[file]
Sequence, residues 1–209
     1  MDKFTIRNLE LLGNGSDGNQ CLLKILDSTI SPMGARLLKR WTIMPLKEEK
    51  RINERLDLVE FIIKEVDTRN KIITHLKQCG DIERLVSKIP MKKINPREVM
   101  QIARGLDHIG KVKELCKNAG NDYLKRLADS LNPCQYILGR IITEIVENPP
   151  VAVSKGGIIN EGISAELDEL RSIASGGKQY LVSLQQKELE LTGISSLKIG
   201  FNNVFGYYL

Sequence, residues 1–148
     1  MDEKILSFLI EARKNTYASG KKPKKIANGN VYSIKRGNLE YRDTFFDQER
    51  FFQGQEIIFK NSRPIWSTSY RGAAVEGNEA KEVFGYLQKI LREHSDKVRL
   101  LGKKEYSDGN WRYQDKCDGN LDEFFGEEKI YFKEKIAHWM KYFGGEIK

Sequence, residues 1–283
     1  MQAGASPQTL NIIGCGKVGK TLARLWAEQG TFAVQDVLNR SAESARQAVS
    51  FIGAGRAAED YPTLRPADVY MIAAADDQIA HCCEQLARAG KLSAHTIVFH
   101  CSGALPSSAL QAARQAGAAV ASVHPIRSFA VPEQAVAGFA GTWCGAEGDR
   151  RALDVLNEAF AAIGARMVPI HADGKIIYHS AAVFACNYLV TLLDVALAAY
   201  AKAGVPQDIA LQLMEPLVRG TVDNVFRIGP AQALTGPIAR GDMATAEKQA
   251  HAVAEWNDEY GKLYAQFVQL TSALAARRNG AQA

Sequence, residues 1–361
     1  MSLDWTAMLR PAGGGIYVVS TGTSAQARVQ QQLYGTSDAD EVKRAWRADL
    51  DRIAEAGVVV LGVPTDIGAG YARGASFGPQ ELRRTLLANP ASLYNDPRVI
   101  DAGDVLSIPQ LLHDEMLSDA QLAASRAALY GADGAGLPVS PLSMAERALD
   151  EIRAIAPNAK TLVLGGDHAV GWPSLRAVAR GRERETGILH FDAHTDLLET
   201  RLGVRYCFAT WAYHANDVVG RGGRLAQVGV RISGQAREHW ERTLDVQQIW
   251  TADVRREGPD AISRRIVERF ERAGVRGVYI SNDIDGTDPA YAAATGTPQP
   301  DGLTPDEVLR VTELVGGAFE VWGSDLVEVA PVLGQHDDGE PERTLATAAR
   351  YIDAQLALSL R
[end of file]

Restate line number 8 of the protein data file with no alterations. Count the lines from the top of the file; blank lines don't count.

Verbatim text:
     1  MDEKILSFLI EARKNTYASG KKPKKIANGN VYSIKRGNLE YRDTFFDQER